Friday, May 13, 2011

Initial Analysis

My efforts to define chemistry in basketball began with research for my Masters in Sport Management at the University of San Francisco, which I presented via poster at the 2010 Northern California Symposium on Statistics and Operations Research in Sports (NCSSORS), held by Dr. Ben Alamar, the Director of Basketball Analytics and Research for the Oklahoma City Thunder, and Peter Keating later wrote about in his blog for ESPN 

With wins being a function of offensive and defensive efficiency, this study sought to predict offensive efficiency in terms of how various statistics or roles are distributed among the players on the floor, such as shooting from the three point line, field generally and free throw line, passing, and offensive rebounding using a multiple linear regression model.  This was accomplished by using the standard deviations of the pace- and minute-adjusted field goals attempted, free throws attempted, three-point field goals attempted, offensive rebounds, assists and turnovers among the top five or top eight players in minutes played to represent how those roles are distributed and to predict field goals made, free throws made, three-point field goals made and turnovers, the significant variables in predicting offensive efficiency.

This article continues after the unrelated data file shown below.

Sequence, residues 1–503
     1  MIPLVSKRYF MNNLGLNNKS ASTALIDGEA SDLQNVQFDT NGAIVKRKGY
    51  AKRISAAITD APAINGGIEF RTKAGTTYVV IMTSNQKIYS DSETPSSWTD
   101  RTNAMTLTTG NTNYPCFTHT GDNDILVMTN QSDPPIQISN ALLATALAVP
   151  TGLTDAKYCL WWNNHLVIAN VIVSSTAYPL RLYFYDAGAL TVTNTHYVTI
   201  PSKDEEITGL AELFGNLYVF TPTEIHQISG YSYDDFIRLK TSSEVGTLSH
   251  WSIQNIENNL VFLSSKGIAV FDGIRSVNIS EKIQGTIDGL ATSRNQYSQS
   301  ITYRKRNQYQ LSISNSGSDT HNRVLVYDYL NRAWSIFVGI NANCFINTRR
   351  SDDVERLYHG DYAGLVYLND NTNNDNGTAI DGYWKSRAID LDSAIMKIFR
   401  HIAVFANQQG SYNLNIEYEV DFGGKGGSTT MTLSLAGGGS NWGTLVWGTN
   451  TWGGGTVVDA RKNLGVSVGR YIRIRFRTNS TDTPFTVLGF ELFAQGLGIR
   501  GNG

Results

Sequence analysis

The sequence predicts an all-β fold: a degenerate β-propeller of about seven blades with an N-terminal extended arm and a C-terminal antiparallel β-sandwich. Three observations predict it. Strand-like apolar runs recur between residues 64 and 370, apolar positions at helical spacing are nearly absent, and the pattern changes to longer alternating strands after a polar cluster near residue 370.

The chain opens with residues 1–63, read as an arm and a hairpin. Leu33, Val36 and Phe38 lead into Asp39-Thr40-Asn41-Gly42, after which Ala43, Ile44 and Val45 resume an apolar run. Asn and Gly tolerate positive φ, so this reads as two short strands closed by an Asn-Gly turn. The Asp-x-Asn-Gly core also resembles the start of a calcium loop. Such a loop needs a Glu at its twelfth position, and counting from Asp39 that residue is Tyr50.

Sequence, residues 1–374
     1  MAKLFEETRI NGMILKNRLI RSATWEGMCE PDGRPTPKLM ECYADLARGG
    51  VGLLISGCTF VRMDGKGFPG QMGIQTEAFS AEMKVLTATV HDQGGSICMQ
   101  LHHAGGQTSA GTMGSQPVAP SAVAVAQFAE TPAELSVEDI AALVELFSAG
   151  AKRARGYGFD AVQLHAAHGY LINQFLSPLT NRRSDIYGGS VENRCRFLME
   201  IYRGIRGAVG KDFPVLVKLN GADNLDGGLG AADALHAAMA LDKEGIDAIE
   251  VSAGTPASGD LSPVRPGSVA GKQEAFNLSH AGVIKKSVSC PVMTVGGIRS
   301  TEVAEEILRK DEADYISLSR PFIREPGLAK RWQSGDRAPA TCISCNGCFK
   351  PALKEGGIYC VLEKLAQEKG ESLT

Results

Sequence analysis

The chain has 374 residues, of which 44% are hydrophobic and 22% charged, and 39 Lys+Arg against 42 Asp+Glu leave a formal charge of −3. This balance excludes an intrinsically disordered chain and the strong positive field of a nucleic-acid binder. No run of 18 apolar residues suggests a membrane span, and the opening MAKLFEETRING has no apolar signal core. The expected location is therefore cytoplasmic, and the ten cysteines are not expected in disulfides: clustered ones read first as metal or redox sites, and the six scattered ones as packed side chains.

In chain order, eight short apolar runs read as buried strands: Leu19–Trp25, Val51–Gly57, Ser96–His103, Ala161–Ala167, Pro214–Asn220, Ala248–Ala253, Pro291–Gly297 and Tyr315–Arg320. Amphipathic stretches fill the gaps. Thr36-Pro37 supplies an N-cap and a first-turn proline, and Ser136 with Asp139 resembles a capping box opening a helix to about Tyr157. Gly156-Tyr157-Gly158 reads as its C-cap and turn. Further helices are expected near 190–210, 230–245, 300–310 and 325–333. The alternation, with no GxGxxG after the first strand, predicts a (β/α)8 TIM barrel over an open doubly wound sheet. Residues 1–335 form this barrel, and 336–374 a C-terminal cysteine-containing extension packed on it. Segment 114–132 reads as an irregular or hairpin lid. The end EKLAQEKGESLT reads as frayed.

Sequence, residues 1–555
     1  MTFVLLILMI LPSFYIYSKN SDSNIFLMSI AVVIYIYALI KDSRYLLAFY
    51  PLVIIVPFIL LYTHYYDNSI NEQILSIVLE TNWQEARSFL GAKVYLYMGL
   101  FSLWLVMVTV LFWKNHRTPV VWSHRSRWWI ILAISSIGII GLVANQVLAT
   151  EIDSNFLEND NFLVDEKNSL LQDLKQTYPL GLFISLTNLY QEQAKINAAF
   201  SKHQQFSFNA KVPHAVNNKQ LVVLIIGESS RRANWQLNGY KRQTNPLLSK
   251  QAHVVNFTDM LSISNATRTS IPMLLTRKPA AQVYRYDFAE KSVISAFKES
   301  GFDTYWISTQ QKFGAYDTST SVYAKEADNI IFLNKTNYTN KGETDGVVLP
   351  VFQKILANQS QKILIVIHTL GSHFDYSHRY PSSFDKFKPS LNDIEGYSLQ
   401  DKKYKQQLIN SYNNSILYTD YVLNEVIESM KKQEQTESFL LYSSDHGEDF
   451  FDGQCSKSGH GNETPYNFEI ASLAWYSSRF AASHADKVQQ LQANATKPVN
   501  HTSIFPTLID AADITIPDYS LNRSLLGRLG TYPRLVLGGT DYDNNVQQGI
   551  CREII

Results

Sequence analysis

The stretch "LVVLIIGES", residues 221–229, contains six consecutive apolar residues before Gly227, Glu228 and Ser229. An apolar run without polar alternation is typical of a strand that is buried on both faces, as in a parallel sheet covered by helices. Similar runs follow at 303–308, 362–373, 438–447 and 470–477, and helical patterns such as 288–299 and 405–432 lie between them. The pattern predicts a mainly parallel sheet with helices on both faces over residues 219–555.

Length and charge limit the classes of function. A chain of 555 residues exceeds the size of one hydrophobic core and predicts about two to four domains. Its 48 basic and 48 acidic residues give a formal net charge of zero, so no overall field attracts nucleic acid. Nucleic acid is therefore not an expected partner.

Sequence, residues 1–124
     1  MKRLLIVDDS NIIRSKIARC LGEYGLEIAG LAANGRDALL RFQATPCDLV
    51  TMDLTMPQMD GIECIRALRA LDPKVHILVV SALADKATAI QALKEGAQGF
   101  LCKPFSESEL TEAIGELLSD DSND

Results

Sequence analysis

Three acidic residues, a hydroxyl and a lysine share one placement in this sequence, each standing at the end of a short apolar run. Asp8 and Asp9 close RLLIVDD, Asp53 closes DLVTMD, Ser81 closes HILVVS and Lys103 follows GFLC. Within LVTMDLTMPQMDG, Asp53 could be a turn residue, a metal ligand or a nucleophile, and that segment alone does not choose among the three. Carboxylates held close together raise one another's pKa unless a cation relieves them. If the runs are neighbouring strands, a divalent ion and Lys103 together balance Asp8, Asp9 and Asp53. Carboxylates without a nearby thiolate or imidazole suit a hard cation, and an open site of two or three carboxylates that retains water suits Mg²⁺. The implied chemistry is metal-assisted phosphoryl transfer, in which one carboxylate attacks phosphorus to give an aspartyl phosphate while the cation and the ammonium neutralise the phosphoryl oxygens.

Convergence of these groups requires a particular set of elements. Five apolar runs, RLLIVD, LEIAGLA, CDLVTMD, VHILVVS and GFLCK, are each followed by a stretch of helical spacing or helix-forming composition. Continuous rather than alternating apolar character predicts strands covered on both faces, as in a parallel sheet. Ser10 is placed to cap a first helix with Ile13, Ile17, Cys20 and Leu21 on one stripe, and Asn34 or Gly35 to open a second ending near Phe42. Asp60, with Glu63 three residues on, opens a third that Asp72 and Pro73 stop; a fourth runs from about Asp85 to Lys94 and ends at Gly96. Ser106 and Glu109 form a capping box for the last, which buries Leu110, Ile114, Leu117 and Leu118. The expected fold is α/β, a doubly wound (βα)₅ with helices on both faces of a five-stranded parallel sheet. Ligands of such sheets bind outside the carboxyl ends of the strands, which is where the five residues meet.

NBA regular season team and player data since 1997 was gathered from and used to create the data sets for this study.  370 teams were observed.  The 1997-1998 season was chosen as the initial season in the data set as it was when the three-point line was moved back to 23’9”, where it has since remained.  Team and player stats were adjusted for team pace and minutes played.  

The charts on the right side of the poster display the following results:  A wider distribution of three-point attempts predicts an increase of as much as 4 points per 100 possessions.   A wider distribution of free throw attempted predicts an increase of as much as 3 points per 100 possessions.  A wider distribution of assists predicts an increase of as much as 2 points per 100 possessions.  A more even distribution of turnovers predicts an increase of as much as 2 points per 100 possessions.  A more even distribution of offensive rebounds predicts an increase of as much as 4 points per 100 possessions.  The distribution of field goal attempts was not significant in this analysis.  

There are some significant differences in points scored between the widest and most even distribution of various statistical categories.  With the exception of offensive rebounds and turnovers, a wider distribution proved more beneficial, indicating that teams built with more defined roles in shooting and distributing are more efficient.  This is just the beginning of this analysis and the implication of the results of analyzing how roles are distributed deserves more thought, as Kevin Pelton suggested in his recap of the NCSSORS conference.  

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